Portions of Hella Nation appeared in different form in Rolling Stone at a time when I served as the magazine’s “unofficial Ambassador to the Underbelly”—a title jokingly bestowed on me in an editorial published by Rolling Stone’s managing editor, Will Stone, in 2002. My primary subjects at Rolling Stone (and later at Vanity Fair) were people I found roaming the great American underworld, from runaway teens trying to make it as ecoterrorists, to Internet scamsters, to human growth hormone hustlers in Phoenix, to celebrity street skateboarders. The young combat troops I reported on in the Middle East represented a new kind of subculture, one that was often as misunderstood by civilians at home as it was by military leaders.
When my father read of the unofficial ambassadorship bestowed on me by Rolling Stone, he phoned to congratulate me on the promotion. “Underbelly is one step up from ambassador to the crotch,” he explained, referring to my previous job as an editor at Hustler magazine. I had started at Hustler in the mid-nineties as a triple-X-film reviewer and reporter assigned to cover the adult film industry. Like other hopeful college graduates in America, I had never had a strong ambition to wind up working in the porn industry. But when I found myself in it, assigned to interview porn starlets and write about the sketchy characters running the adult industry (such as my boss Larry Flynt), I drew on the work of New Yorker writer A. J. Liebling as inspiration.
While I did not delude myself that Hustler was equivalent to Liebling’s New Yorker, I liked to think that Liebling, who reveled in the Depression-era world of boxers, small-time swindlers, exotic dancers—“people getting by,” as he affectionately called them—would have appreciated the rich diversity of characters in Southern California’s Porn Valley. Liebling’s appreciation for the vernacular spoken by his streetwise subjects and his instinct for humor in even the grimmest of situations offered insight for how I might handle my subject matter. Describing his approach to writing, Liebling said, “The humor, as during a blitz, was rueful and concerned with the imminence of individual disaster.”
My career at Hustler began with an overdose of Xanax. I had been working a string of temp jobs in Los Angeles when a friend told me about an opening to be a copy editor at the magazine. I sent in a résumé, and a few days later I was called in for an interview. At the time I suffered from an imaginary form of social anxiety disorder. I had a fear of going into social situations that might induce a panic attack. This had never happened to me, but I had read about it happening to other people and developed a fear it might happen to me—a phobia of a phobia, as it were—which I medicated by popping copious amounts of Xanaxes before a stressful social interaction, such as a job interview. Without the crutch of a massive dose of tranquilizers, I feared that in the middle of an interview I might lose my mind and begin to sweat uncontrollably, speak in tongues and walk in aimless circles through the office of my prospective employer. On the afternoon of my job interview, I overshot the mark. I’d eaten a big lunch that day, and to compensate, I popped several extra pills before getting on the bus that would take me to Hustler’s offices in the Flynt Building on Wilshire Boulevard. Somewhere in Beverly Hills the bus broke down. I had to jog several blocks to make the interview. The exertion must have released a powerful wave of tranquilizer into my bloodstream. By the time a receptionist showed me into the executive editor’s office, I couldn’t feel my face.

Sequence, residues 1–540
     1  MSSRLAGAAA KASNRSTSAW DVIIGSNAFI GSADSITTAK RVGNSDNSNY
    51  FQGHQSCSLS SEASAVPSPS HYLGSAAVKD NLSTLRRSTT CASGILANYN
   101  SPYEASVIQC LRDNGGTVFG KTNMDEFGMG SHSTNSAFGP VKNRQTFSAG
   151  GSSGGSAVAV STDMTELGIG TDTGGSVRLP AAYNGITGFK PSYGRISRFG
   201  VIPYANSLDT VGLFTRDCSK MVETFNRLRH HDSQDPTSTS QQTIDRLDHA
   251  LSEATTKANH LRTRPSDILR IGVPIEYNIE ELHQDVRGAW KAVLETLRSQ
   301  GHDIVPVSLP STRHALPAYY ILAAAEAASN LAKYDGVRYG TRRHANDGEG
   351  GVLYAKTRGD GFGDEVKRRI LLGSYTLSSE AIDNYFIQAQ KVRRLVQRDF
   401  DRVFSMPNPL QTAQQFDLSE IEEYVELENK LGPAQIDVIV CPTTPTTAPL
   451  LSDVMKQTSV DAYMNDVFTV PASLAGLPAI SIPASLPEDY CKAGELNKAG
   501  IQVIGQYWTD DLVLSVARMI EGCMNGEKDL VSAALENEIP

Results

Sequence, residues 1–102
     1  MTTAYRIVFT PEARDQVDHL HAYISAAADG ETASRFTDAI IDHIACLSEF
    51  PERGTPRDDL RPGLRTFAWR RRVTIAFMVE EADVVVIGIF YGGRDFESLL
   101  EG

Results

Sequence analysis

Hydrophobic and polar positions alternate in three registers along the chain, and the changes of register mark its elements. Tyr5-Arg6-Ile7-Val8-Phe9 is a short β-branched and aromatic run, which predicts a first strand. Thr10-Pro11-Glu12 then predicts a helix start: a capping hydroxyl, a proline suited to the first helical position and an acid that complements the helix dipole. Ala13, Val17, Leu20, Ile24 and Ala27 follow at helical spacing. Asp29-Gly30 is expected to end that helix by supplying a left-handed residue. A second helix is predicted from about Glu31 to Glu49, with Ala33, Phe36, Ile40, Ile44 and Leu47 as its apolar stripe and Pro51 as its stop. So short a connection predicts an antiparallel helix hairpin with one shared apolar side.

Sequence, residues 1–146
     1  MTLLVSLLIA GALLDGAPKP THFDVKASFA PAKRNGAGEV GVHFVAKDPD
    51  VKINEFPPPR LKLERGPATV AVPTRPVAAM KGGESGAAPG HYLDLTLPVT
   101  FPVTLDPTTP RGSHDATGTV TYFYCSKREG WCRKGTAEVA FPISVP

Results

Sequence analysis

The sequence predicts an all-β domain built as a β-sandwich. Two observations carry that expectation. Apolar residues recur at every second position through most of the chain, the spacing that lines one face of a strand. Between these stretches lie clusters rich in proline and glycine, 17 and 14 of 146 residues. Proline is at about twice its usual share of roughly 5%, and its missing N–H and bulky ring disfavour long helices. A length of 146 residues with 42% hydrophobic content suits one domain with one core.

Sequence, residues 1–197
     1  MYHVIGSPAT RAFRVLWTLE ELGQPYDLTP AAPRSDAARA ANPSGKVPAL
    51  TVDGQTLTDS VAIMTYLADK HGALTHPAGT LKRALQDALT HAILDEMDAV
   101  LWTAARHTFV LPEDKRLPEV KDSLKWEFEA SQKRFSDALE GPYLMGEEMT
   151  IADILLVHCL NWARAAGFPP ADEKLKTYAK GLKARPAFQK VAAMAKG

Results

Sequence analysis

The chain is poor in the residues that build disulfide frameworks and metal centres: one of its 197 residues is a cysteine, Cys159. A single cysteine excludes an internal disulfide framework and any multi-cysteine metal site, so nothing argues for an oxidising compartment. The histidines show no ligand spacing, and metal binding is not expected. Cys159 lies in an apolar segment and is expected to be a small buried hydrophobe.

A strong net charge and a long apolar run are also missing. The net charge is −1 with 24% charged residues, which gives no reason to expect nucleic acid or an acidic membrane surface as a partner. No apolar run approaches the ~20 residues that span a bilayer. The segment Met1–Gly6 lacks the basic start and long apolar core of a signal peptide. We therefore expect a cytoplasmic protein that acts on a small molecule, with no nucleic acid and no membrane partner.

Allan MacDonell, the executive editor, sat at a broad, uncluttered desk behind which panoramic windows offered a sweeping view of nothing—low, putty-colored apartment buildings and parking lots. In his late thirties, MacDonell wore thick black-framed glasses that gave him a passing resemblance to Elvis Costello. He had a raspy voice and mumbled like a character in Mean Streets. My difficulty in understanding him was compounded by the fact that the numbness from the tranquilizers was radiating from my spine in warm, liquid golden waves of heat. It was so intoxicatingly pleasant I had to concentrate not to slump face forward. Between MacDonell’s mumbling and the extreme effort it took to remain upright, I could only pick up snippets of what he was saying.
I pieced together that my résumé contained a typo, which disqualified me for the position of copy editor. I remember only disjointed pieces of the afternoon from that point on—shaking hands, walking across a floor that felt bouncy like a trampoline, trying to hold on to a No. 2 pencil as I filled out some papers. I came to the next morning in my apartment, wondering what had happened. I phoned Hustler’s offices and was put through to MacDonell. It was a confusing conversation—I’m sure for both of us—because MacDonell had offered me a job the day before, and I had accepted, and now I was on the phone with him trying to pretend like I knew that already.